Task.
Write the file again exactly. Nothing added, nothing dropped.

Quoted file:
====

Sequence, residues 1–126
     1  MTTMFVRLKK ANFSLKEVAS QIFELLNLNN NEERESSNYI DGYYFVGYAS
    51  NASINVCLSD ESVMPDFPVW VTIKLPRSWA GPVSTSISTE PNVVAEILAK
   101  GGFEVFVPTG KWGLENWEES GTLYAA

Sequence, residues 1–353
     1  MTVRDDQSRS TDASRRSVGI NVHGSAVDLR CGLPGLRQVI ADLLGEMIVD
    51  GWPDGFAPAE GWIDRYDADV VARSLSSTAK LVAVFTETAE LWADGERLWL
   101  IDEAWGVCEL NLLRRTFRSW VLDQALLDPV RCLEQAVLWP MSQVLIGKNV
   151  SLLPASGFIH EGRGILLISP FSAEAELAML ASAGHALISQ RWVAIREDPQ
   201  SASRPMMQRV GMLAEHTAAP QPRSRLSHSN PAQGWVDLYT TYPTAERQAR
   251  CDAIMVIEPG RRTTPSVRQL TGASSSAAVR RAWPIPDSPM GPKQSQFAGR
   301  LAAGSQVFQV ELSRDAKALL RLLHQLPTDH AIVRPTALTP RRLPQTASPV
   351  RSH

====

Sequence, residues 1–126
     1  MTTMFVRLKK ANFSLKEVAS QIFELLNLNN NEERESSNYI DGYYFVGYAS
    51  NASINVCLSD ESVMPDFPVW VTIKLPRSWA GPVSTSISTE PNVVAEILAK
   101  GGFEVFVPTG KWGLENWEES GTLYAA

Sequence, residues 1–353
     1  MTVRDDQSRS TDASRRSVGI NVHGSAVDLR CGLPGLRQVI ADLLGEMIVD
    51  GWPDGFAPAE GWIDRYDADV VARSLSSTAK LVAVFTETAE LWADGERLWL
   101  IDEAWGVCEL NLLRRTFRSW VLDQALLDPV RCLEQAVLWP MSQVLIGKNV
   151  SLLPASGFIH EGRGILLISP FSAEAELAML ASAGHALISQ RWVAIREDPQ
   201  SASRPMMQRV GMLAEHTAAP QPRSRLSHSN PAQGWVDLYT TYPTAERQAR
   251  CDAIMVIEPG RRTTPSVRQL TGASSSAAVR RAWPIPDSPM GPKQSQFAGR
   301  LAAGSQVFQV ELSRDAKALL RLLHQLPTDH AIVRPTALTP RRLPQTASPV
   351  RSH